3 Tips for Surviving Boring Meetings
Ever been stuck in a seemingly unending meeting? At first it seems like the agenda is proceeding smoothly, but then somewhere halfway through your second bottle of water, you realize you haven’t been paying attention for 10 minutes or more. You panic for a moment, realize you didn’t actually miss anything and keep doodling.
More than 90 percent of people who took a Verizon poll admitted to daydreaming during meetings, and more than a third even dozed! If either of those behaviors sounds familiar to you, here are three tips to help you survive—and thrive—in boring office meetings:
1. Doodle productively
We’ve all witnessed a small masterpiece being doodled by someone on a conference call. And while that might be a shade more classy than writing your name over and over again, both still come off as immature. However, you can use your doodles for good!
Express your Gen Y tendencies throughout the meeting by drawing creatively, but keep it small and on-topic. For example, during the portion of the meeting about the upcoming expense report, doodle a spreadsheet with important names or symbols. Then, snap a photo and file for later. Discussing systems management? Illustrate your own computer network, including key company figures. Bonus points for accurate (and flattering) caricatures.
2. Refocus on the speaker
If you’re staring at your notes while you listen to someone drone on, work hard to reorient your focus on the person speaking. Note their hair, face and clothes and let yourself be distracted by the tiny details.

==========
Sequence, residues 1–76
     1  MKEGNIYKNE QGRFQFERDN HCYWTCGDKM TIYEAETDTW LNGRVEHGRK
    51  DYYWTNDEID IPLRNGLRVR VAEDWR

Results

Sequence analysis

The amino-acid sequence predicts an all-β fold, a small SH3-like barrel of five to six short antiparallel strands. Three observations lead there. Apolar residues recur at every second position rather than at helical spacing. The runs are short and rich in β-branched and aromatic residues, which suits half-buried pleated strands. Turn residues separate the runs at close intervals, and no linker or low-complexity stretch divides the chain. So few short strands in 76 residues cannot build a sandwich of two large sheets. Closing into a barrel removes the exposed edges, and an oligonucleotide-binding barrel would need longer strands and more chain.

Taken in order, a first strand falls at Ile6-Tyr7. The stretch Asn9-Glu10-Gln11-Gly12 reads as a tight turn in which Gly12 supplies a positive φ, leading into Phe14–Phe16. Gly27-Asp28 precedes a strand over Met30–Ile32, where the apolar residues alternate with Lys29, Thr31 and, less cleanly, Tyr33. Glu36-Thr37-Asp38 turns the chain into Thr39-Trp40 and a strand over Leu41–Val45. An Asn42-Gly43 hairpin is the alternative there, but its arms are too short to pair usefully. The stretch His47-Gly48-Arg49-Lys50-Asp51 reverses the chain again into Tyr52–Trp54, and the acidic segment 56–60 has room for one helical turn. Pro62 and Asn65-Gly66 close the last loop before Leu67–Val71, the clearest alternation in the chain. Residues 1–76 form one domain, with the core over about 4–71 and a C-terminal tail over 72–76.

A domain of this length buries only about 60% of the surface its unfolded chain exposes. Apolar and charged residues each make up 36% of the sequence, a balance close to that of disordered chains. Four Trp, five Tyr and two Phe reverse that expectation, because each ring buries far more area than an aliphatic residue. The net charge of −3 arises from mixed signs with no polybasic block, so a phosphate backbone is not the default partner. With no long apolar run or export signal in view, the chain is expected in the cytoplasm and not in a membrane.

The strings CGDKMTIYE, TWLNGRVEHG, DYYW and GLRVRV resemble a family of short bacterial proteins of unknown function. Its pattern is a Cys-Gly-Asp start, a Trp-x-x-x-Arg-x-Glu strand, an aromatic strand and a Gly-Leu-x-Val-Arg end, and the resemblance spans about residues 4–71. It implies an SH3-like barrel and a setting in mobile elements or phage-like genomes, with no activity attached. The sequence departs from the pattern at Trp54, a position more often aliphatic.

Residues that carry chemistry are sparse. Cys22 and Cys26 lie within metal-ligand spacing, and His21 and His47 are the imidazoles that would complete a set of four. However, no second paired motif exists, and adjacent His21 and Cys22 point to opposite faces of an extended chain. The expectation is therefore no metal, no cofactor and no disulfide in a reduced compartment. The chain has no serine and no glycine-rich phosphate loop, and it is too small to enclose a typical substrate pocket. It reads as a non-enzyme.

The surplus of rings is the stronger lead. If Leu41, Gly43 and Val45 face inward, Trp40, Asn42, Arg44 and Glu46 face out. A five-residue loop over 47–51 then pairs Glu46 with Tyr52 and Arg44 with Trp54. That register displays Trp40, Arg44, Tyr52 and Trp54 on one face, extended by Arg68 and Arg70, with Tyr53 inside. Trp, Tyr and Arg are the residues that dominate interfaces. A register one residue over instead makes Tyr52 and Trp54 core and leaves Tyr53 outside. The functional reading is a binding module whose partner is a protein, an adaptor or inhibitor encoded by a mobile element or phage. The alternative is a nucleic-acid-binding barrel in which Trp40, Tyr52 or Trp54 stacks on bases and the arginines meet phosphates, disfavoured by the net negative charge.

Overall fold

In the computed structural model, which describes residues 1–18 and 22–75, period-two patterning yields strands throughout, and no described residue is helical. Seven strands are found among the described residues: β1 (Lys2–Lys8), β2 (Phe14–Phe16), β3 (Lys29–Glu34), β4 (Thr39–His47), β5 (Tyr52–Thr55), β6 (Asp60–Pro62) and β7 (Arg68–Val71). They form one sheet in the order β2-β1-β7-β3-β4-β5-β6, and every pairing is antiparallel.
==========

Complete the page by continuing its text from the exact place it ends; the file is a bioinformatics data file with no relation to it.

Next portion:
Focus on where they’ve come from, who they are. Remember that this is a real person. Whether or not what they’re saying is interesting to you, chances are they’ve worked hard on this presentation or speech or they believe strongly in what they are saying. At the very least, you’ll be practicing several characteristics of charismatic people.
3. Don’t take notes; take action notes
Finally, finish every meeting with a list of items for action. Too often, attendees end the meeting with a list of notes that looks like this:
- Edward will update the roster this week.
- Mark and Edna are on leave Monday and Tuesday for a business meeting.
What a snooze! This tone puts you in the position of a passive, disinterested reader. It’s human nature to be more interested in yourself and your own plans, so instead of boring notes about what other people are doing, give yourself a follow-up task list like the following:
- Next Monday: Email Edward to get the updated roster.
- Next Wednesday: Email Mark and Edna to follow up about their business meeting.
Not only will this give you a clear idea of what you need to do each day to follow up on the meeting, but you will also have pre-invested time in your to-do list.
If you still find yourself too bored to pay attention, you could be in the wrong industry. At the very least, evaluate your eating and sleeping schedule to make sure that your meeting naps aren’t the result of poor health habits.
Sarah Greesonbach is a content and communications expert with a lot on the back burner. She manages and writes for the lifestyle and personal finance blog Life [Comma] Etc and launches her first ebook, Life After Teaching, in April 2013.
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